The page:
“... And Make it Real Creative!”: Copywriting - Let’s Begin

Writers BlockBy Trent Rentsch

Beginnings are hard, let’s all agree on that. There, now that we’ve gotten past that nastiness, we can proceed, right? The problem is, that’s really not much of a beginning. I mean, all I did was express a questionable opinion, then try to force you to agree with me. Hardly a compelling start, now, is it?

Now, if I began, “If this opening line doesn’t get you to read my entire column, I’ll shoot myself,” it might entice you to at least consider trudging on to my final word, every human life being precious and all. On the other hand, you might be as jaded as I am, and after “hearing it all,” you’d be convinced that it was only a pathetic cry for a sympathy read (and you might have a point).

Perhaps I COULD convince you that beginnings are important, if I had the expert opinion of a real writer... oh wait, I do. Master story-crafter Stephen King spent an entire interview in The Atlantic analyzing the importance of beginnings. He claimed that he spends “Months and Even Years” writing his openings:

When I'm starting a book, I compose in bed before I go to sleep. I will lie there in the dark and think. I'll try to write a paragraph. An opening paragraph. And over a period of weeks and months and even years, I'll word and reword it until I'm happy with what I've got. If I can get that first paragraph right, I'll know I can do the book.

And while Mr. King may not give all the credit for the success of his books on his opening lines:

A book won't stand or fall on the very first line of prose -- the story has got to be there, and that's the real work. And yet a really good first line can do so much to establish that crucial sense of voice -- it's the first thing that acquaints you, that makes you eager, that starts to enlist you for the long haul. So there's incredible power in it, when you say, come in here. You want to know about this. And someone begins to listen.

When the opinion comes from the Master’s keyboard, Beginnings suddenly take on a whole new weight, don’t they? And now perhaps you understand my stand... and my dilemma. If I don’t get the opening few words right, the rest of my sentences might as well not exist, like a tree that falls in the forest without a soul for miles to hear it.

While writing a powerful opening is important for all writing, it’s vital when writing radio promos and commercials. You have seconds… SECONDS to snare your listener. Opening with a weak lob like, “Is your kitchen drab?” is not going to entice me to listen, no matter how damned drab my kitchen is. The same goes for, “Listen beginning Friday afternoon for a Coldplay weekend!” Brrrrrrrr! At their most basic, copy openings should be both enticing and motivating. Opening with a question gives the listener an invitation to mentally respond with “no,” then tune out. Opening with a weak offer invites the listener to say, “oh HELL no,” and turn the dial.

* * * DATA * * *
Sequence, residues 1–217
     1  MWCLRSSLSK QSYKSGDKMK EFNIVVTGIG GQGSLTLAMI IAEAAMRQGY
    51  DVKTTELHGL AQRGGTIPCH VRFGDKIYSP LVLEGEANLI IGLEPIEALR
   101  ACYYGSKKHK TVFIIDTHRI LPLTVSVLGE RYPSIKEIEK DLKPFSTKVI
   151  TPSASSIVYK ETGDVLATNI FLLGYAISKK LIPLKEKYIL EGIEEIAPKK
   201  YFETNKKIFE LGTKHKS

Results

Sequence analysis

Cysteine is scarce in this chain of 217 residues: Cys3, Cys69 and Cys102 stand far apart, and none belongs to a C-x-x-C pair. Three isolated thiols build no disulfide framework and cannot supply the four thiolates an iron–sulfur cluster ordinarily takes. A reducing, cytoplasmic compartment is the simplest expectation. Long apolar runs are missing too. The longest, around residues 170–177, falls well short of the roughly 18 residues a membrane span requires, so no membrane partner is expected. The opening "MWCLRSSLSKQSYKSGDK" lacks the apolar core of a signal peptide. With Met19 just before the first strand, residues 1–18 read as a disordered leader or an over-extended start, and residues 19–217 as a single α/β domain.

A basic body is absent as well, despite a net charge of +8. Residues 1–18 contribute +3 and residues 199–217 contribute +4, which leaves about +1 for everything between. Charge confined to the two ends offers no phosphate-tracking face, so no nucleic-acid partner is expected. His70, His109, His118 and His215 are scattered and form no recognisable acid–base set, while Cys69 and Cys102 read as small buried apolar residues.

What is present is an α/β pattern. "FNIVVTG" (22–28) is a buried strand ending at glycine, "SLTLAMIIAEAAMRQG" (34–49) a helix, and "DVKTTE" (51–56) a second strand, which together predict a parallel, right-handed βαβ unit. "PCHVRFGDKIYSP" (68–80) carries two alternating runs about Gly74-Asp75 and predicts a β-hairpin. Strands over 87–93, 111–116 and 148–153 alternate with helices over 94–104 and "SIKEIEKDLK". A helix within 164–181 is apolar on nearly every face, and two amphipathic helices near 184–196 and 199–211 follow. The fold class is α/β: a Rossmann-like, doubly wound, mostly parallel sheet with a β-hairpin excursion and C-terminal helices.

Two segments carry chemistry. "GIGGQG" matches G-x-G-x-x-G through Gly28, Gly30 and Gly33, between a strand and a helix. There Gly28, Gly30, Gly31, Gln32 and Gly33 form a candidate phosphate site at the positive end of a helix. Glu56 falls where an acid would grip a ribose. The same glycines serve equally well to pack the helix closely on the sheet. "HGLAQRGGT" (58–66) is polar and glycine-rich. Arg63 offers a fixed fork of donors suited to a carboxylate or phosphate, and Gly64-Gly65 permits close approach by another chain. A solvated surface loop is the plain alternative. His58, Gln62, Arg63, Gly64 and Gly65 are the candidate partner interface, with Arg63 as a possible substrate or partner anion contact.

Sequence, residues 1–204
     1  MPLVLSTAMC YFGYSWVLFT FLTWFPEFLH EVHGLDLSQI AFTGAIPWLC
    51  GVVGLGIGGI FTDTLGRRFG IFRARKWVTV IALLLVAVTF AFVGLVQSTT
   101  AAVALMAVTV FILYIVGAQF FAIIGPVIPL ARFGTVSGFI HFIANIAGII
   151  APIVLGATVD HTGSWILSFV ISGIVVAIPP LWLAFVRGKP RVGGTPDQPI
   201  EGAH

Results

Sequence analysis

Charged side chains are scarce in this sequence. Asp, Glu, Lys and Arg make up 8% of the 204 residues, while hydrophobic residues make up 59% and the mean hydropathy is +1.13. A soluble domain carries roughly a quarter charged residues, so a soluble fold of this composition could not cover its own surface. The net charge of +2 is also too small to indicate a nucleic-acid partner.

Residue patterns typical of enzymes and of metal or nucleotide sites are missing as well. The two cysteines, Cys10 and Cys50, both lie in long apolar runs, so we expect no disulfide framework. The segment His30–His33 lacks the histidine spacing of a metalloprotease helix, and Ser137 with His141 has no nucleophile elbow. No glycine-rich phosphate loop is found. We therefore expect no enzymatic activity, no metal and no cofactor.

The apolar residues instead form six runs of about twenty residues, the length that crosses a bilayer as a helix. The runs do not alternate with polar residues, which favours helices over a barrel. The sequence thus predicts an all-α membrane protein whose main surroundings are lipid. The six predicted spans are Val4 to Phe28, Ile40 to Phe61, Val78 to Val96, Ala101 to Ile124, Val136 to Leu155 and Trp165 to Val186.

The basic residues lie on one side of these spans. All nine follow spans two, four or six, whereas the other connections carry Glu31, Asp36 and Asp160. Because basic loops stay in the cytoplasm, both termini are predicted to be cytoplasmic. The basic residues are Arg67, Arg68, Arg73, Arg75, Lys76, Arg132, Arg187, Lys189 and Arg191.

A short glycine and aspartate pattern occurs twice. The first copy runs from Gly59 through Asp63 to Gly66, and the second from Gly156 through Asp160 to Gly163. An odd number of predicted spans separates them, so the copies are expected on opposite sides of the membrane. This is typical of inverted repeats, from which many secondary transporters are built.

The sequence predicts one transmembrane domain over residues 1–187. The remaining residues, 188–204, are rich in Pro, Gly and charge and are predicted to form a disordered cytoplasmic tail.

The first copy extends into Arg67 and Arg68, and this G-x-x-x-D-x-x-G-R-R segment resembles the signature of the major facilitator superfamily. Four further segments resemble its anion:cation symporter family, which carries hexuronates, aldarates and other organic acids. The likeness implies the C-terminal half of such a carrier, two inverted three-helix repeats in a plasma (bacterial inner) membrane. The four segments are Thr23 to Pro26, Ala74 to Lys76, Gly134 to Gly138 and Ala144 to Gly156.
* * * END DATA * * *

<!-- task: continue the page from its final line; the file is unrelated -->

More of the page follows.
It could be argued that a kitchen remodeling company is drawing on a specific client (that poor drab kitchen owner), and that the opening mentioned above puts a bullseye on that target… the same could be said of the 2 Coldplay fans your station might have. It’s a lazy trap to fall into. Every word that hits the air is an opportunity to motivate your entire audience - hell, that’s why these people are buying ads on your station in the first place! IF the opening of your commercial/promo is both enticing and motivating, maybe more of your audience will listen to the entire ad/promo, and who knows where it might lead? They might decide that THEIR kitchen could be considered drab too, and call your client for a consultation. Hell, be enticing enough, they might even sit through a Coldplay weekend… sorry. Now I’m talking crazy…

What would I do with the open to that kitchen remodeling ad? First, I’d think about who I’m talking to, both the “obviously drab” and the “could be drab.” A little research and I know that, while more and more men are turning into weekend warrior chefs, women are still the boss in the kitchen… and make the call on any remodeling that’s going to be done. Now, I’m not going to presume that I know how to talk to women, but one thing I’ve observed over the years is that women like to share secrets with each other. So, what if the ad opens with a woman making a confession?

Female: Keep this between us, but I’ve been having an affair. On my kitchen…

The woman could go on to talk about spending more and more time with her neighbors kitchen, remodeled by XZY Kitchens… it started with coffee in the morning, moved on to making an entire dinner on their beautiful new gas stove top, I don’t know. The point is, the opening is now titillating and intriguing… everyone wants to listen to a secret, especially if it sounds a little naughty.

There’s no real magic bullet for openings, but if there’s one rule that you can safely follow when writing any opening, it’s this: don’t be boring. I think it’s good advice. It’s tough to say, endings are so hard.

Trent writes, voices, produces, and makes music. Write him: trent@trentrentsch.com.

Comments (2)

This comment was minimized by the moderator on the site

Trent, this is a well written piece.

Paul Simon and Isaac Asimov* taught me a great tip for starting any writing. It's in a CAS Quarterly article I wrote a few years ago, as Rule #3. Your sample script line follows this rule beautifully, even though you're using it to illustrate a different approach.

*So did Lawrence Holcolmb, former head of continuity at NBC and my writing prof at Emerson College...

Jay Rose
This comment was minimized by the moderator on the site

Some time back, I found out that Stephen King owns WKIT-FM, serving Bangor, Maine. Ever since then, I've wondered what it must be like being the new overnight guy on his first night on the job.

Well done, Trent.

Alan Peterson
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